Yangarra is Aboriginal for "from the earth" and was chosen as the name of the vineyard because of the magic that seems to be required to make these old Australian vines grow in the sandy soil with no irrigation. Explains winemaker Peter Fraser:
"McLaren Vale is a bounteous basin washed by the pristine Gulf St. Vincent. Ten miles from its water lies a hillock of 60 million year old sands, jokingly called "The Beach." It's actually the weathered remnant of a long-gone mountain range, revered for the earthy wholesomeness it feeds our 60 year old vines.These vines are bushy and wild (check out the photo on their Web site) and with heavy pruning and low-yield style management they produce fruit of astounding richness.
Yangarra is owned by (gasp!) Kendall-Jackson but that doesn't stop them (wink) from producing several small production, high quality wines under their Estate label, along with much higher quanitity wines under their "Appellation" and "Yangarra Park" labels. Under the Estate label, only 600 cases of this Grenache were made, along with 900 cases of a Rhone style blend, and 4000 cases of Shiraz.
It's interesting to compare this wine with the Turkey Flat old vine Grenache that I posted about last week. They are two completely different interpretations of this grape, both a testament to the difference of their growing conditions as well as the winemaking for each. The Turkey Flat wine is a tight expressive wine that demonstrates its complexity through texture and a medly of redcurrant syle flavors. This wine is something else entirely, an explosion of particular flavors that I haven't ever experienced in a wine.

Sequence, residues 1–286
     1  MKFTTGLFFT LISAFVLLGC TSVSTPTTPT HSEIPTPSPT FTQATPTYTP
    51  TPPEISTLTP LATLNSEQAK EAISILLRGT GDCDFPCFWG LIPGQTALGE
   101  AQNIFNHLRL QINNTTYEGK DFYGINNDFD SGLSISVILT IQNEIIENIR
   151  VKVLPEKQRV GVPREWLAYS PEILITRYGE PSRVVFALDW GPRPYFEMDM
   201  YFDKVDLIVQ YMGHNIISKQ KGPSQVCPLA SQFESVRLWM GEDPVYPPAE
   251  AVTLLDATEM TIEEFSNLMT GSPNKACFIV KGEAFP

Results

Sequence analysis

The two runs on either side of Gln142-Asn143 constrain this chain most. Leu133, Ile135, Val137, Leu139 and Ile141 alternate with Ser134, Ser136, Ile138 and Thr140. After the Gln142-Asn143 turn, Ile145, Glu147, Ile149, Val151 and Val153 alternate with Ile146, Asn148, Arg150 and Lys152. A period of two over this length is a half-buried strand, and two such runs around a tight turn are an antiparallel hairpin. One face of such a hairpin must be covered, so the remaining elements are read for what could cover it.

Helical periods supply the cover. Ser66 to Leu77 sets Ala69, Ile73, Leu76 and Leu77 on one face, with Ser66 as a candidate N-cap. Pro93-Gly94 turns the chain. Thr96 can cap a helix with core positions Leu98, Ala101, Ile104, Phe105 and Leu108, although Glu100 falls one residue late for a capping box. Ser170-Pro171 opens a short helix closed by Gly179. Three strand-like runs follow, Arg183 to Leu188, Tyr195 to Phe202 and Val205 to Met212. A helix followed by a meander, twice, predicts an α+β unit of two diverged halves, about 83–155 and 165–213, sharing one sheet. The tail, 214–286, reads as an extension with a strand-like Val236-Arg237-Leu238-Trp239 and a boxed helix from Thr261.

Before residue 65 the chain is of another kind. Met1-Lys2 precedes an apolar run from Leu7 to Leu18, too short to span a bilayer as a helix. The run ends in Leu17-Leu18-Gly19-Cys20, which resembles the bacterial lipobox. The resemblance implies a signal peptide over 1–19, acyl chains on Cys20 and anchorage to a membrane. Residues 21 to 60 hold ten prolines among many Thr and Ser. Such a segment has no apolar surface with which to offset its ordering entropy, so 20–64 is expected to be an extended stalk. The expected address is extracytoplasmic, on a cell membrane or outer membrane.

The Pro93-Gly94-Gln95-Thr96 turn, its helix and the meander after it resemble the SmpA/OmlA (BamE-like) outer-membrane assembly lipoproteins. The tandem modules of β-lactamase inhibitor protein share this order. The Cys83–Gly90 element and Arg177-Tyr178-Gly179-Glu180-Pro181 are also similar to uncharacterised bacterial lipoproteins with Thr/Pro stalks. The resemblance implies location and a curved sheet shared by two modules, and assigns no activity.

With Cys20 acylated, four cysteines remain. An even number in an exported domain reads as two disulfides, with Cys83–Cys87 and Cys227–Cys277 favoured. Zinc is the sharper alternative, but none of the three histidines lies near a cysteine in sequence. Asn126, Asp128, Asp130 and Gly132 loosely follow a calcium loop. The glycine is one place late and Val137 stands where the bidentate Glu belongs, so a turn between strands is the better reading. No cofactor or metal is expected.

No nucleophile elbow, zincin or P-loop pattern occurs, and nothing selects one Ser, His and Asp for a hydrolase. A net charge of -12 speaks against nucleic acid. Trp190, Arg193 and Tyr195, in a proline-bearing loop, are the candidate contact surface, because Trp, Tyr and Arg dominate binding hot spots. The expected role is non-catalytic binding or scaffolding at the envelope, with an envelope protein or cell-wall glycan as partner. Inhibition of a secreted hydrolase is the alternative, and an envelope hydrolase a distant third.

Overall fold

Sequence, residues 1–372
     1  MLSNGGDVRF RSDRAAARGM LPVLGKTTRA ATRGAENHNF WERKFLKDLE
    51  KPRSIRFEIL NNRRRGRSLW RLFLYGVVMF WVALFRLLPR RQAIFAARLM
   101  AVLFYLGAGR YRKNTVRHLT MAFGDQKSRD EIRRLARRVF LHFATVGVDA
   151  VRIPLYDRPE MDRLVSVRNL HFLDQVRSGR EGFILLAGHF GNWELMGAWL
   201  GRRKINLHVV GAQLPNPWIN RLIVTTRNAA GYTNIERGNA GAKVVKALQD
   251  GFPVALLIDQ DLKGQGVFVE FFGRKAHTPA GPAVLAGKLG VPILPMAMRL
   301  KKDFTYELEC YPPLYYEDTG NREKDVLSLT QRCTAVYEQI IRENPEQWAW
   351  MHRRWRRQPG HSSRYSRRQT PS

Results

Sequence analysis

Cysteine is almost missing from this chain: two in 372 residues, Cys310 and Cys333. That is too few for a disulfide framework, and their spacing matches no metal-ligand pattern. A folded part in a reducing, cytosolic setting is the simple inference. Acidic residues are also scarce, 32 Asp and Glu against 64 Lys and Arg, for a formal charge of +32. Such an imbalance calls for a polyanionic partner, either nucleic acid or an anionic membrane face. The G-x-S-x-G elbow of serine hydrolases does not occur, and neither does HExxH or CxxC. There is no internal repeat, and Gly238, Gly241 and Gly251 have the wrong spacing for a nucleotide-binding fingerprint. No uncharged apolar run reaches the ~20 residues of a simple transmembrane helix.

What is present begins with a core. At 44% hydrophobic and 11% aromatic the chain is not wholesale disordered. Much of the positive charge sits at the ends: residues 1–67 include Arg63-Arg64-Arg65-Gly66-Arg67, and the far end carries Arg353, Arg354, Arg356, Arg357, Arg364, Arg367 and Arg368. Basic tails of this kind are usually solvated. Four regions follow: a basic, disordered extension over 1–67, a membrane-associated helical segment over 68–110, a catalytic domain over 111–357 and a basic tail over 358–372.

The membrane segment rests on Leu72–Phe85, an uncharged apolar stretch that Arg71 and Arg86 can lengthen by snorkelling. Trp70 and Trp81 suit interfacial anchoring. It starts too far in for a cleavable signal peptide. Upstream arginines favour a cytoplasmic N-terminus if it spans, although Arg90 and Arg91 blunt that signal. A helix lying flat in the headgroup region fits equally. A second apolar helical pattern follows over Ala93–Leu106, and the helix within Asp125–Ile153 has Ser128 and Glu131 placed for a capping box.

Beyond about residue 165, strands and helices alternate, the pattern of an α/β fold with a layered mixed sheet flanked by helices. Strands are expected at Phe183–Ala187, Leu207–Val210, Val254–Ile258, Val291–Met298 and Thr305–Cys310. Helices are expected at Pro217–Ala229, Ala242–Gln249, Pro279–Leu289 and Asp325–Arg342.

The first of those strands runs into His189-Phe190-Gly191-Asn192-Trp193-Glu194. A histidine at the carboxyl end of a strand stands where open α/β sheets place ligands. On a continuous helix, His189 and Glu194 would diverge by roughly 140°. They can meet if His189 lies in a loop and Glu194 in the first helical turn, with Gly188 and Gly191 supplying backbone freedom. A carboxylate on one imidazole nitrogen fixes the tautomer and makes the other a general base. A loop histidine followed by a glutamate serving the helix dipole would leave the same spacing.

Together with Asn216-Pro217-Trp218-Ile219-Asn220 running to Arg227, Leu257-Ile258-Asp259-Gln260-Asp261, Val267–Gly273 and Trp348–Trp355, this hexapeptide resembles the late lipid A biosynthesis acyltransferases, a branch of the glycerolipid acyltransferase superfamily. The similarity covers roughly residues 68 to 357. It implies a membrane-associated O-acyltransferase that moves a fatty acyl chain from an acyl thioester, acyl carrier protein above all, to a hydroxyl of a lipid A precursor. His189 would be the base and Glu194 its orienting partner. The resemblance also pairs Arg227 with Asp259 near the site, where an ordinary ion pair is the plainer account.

In the glass this wine is disguised as a typically ruby colored wine. But get your nose anywhere near your glass and watch out, as your senses are assaulted by rich aromas of tobacco, licorice, and (I swear) grape Kool Aid. Now for those who are saying to themselves that grape Kool Aid is the LAST thing they would want from their wine, I totally agree, but there's just a hint of it and I'll be damned if it isn't really pleasant. That particular flavor also exists in the body of the wine, embedded in a mixture of other flavors including black rasberries and light spices, underscored with slight tannins. I was too taken aback by the body of the wine to notice the finish.
Who knows exactly what this would go best with (I drank it this week with spinach and goat cheese pizza). I've never encountered this particular flavor profile before, but as a rule I find that these sorts of fruit flavors go really well with charred spicy stuff off of the grill. Next time I'm going to try it with grilled jerk chicken.
Overall Score: 9
How Much?: $18 !!
A friend (a very kind one) brought this along to a dinner this week, the fruits of a recent trip Down Under. A little poking around on the Internet, however, shows a couple of places that we can pick it up in the States (probably thanks to the marketing and distribution juggernaut that is Kendall-Jackson). Try Froogle. Or if you live in San Francisco, you can race me down to The Wine Club, where they have 8 bottles left.
A wine book like no other. Photographs, essays, and wine recommendations. Learn more.
Plumbing the Depths of Portugal: A Tasting Journey Vinography Images: Rain at Last The Mysterious Art of Selling Direct Critical Consolidation in Wine What Has California Got Against Wineries? Dirty Money for a Legendary Brand Vinography Images: Tendrils Highlights from Tasting Champagne with the Masters Off to Portugal for a Drink Vinography Images: Hazy Afternoon
Masuizumi Junmai Daiginjo, Toyama Prefecture Wine.Com Gives Retailers (and Consumers) the Finger 1961 Hospices de Beaune Emile Chandesais, Burgundy Wine Over Time The Better Half of My Palate 1999 KirÃ¡lyudvar "Lapis" Tokaji Furmint, Hungary What's Allowed in Your Wine and Winemaking Why Community Tasting Notes Sites Will Fail Appreciating Wine in Context The Soul vs. The Market 1989 Fiorano Botte 48 Semillion,Italy